World Vision issues statement about Uganda’s Anti-Homosexuality Bill

This comes from Dean Owens at World Vision:

Statement by Rudo Kwaramba

National Director, World Vision Uganda

Regarding the Anti-Homosexuality Bill of 2009

The legislation under consideration by the Ugandan Parliament, commonly referred to as the “Anti-Homosexuality Bill,” has the potential to stigmatize some individuals in communities targeted by World Vision’s work.  World Vision hopes this legislation will not deter individuals from being tested for HIV or other sexually transmitted diseases.

Knowledge of one’s HIV status – regardless of one’s sexual orientation -enables an individual to take actions to prevent further transmission of HIV, as well as to protect oneself from infection.

World Vision has been working in Uganda since the mid-1980’s and has more than 500 staff members in the country, the majority of whom are Ugandans.  Uganda is one of the first countries in which we started HIV education and prevention programs. One of World Vision ‘s prevention models aims to reduce any stigma which may deter people from seeking to know their HIV status.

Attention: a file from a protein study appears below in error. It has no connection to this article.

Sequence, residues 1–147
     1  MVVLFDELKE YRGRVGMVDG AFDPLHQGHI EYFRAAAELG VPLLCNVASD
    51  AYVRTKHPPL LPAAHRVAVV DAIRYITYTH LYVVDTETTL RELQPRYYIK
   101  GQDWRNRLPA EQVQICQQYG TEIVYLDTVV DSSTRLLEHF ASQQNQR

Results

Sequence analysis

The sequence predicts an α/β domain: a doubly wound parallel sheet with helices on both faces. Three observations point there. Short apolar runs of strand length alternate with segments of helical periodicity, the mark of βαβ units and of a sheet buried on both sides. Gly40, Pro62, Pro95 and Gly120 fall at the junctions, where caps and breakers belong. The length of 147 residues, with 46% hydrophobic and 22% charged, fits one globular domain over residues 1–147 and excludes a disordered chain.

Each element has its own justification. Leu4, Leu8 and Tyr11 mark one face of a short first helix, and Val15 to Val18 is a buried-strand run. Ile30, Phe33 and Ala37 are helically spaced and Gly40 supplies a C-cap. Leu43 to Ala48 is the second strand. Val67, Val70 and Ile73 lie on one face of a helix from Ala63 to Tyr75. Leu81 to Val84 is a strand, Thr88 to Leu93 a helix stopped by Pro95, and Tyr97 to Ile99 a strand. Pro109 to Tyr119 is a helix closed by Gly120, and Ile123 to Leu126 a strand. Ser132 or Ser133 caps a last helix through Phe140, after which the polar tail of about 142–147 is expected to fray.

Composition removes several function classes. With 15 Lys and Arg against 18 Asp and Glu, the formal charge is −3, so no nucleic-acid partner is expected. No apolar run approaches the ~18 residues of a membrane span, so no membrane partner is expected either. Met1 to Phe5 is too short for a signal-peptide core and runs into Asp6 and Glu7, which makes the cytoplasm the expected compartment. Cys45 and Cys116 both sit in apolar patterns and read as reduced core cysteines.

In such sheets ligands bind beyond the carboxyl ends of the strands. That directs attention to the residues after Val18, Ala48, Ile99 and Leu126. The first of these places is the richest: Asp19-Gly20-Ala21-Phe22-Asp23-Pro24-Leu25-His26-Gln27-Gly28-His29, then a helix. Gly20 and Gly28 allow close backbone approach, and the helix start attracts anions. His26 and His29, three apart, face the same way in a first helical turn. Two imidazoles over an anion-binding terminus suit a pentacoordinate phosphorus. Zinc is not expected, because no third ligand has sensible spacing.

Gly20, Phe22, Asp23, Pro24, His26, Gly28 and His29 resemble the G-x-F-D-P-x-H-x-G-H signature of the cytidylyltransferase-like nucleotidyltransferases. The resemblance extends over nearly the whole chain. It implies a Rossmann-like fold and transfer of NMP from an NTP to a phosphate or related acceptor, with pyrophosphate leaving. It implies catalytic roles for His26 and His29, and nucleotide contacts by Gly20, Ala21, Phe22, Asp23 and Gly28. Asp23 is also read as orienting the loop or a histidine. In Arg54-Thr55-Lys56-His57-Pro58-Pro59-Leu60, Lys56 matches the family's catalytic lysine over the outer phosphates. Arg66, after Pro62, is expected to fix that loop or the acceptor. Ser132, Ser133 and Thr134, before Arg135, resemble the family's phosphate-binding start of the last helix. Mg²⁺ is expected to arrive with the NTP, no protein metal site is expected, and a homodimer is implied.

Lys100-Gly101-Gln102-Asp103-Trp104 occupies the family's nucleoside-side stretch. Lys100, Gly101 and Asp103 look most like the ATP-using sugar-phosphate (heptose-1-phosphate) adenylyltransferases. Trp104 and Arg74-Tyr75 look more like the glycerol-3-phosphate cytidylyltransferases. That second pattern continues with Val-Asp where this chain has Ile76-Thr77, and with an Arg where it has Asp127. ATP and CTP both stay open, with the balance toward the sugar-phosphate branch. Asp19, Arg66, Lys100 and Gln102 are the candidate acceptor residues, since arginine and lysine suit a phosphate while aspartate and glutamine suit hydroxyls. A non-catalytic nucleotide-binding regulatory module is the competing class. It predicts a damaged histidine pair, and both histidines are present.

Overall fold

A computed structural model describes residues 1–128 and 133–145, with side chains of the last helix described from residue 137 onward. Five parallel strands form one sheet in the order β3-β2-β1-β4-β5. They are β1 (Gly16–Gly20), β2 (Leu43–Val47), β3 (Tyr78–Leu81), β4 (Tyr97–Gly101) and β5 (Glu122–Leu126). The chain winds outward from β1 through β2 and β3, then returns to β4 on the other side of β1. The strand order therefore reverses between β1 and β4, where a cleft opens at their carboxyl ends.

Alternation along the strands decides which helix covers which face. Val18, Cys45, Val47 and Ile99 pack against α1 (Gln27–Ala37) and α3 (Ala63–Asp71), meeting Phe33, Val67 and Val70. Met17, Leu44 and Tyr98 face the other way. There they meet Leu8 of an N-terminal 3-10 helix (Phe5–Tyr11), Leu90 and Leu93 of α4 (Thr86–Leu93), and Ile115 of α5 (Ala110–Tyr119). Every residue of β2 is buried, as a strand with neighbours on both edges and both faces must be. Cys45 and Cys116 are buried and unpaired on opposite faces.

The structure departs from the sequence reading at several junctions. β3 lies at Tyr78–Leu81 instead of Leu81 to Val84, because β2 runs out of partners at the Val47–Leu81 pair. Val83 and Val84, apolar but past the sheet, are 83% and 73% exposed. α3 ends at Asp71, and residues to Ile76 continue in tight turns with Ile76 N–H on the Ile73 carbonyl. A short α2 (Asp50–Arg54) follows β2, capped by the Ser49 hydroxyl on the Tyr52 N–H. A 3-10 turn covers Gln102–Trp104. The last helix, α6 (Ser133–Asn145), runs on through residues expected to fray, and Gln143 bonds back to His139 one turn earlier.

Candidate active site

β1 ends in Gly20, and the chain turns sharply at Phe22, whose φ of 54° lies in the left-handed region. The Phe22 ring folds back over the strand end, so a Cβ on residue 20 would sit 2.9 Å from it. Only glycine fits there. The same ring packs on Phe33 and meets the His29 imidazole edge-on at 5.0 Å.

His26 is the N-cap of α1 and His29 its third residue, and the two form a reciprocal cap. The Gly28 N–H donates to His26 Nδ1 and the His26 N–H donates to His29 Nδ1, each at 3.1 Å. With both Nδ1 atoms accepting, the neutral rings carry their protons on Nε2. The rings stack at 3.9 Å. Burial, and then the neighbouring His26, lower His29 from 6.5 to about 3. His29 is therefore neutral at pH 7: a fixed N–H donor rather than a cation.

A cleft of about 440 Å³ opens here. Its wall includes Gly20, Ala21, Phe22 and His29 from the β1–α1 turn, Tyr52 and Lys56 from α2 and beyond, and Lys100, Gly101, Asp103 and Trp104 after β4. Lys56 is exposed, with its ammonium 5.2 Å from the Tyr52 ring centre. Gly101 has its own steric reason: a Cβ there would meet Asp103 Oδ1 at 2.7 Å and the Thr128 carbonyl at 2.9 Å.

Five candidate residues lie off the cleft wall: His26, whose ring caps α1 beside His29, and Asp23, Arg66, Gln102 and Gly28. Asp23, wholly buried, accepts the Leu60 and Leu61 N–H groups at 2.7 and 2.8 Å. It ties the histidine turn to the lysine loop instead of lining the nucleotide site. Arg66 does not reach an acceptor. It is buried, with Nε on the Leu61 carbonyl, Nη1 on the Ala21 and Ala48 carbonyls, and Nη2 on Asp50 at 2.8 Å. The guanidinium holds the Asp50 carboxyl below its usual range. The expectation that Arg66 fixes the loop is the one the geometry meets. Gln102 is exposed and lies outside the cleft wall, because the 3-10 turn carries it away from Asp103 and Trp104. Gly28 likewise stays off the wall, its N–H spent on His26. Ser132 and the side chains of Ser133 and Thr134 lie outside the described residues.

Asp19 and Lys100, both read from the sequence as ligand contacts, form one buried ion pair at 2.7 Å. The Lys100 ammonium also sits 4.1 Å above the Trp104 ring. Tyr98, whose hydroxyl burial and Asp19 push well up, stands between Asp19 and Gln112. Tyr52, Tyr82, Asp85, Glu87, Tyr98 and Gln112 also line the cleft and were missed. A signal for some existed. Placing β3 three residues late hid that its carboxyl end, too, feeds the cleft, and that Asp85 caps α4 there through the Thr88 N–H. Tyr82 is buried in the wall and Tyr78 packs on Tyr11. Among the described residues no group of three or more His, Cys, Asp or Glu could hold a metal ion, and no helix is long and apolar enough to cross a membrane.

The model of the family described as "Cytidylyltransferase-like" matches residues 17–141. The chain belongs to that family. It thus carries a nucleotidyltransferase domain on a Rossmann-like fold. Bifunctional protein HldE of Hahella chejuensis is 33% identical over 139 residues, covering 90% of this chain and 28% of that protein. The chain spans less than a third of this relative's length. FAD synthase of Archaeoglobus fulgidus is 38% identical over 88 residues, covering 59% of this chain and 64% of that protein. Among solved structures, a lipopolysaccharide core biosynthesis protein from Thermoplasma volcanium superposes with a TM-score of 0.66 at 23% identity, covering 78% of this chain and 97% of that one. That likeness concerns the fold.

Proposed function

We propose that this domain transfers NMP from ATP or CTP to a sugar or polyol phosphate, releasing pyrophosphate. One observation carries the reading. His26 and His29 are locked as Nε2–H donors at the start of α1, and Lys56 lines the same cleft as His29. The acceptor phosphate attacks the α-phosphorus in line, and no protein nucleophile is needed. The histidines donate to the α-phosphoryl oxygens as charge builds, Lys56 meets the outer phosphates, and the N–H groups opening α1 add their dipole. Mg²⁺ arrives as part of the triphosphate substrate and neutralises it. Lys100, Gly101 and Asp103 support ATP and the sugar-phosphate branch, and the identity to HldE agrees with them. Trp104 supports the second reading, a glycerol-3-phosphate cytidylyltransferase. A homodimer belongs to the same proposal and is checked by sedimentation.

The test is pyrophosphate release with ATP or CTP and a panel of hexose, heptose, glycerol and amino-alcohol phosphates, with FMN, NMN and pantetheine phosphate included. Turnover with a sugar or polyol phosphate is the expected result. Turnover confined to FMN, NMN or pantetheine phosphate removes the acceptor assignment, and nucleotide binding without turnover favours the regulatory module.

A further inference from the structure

As a Christian humanitarian organization, World Vision strives to reach out and bring justice to the poor, vulnerable and marginalized.  We serve all people regardless of religion, race, ethnicity or gender. We do not require or compel those we serve to adopt our Christian faith.

As a signatory to the Red Cross Code of Conduct, World Vision is committed to providing assistance for children, their families and communities on the basis of need, without discrimination of any kind. As in other nations, World Vision’s work in Uganda is community-based and child-focused; the sexual orientation of those we serve, or those with whom we collaborate, does not arise.

Regardless of whether this legislation is passed, World Vision is committed to serving the poor, vulnerable and marginalized people of Uganda.


I have made this argument before that the bill will stigmatize HIV/AIDS to the point where treatment, testing and education will be significantly compromised for same-sex and opposite sex attracted people.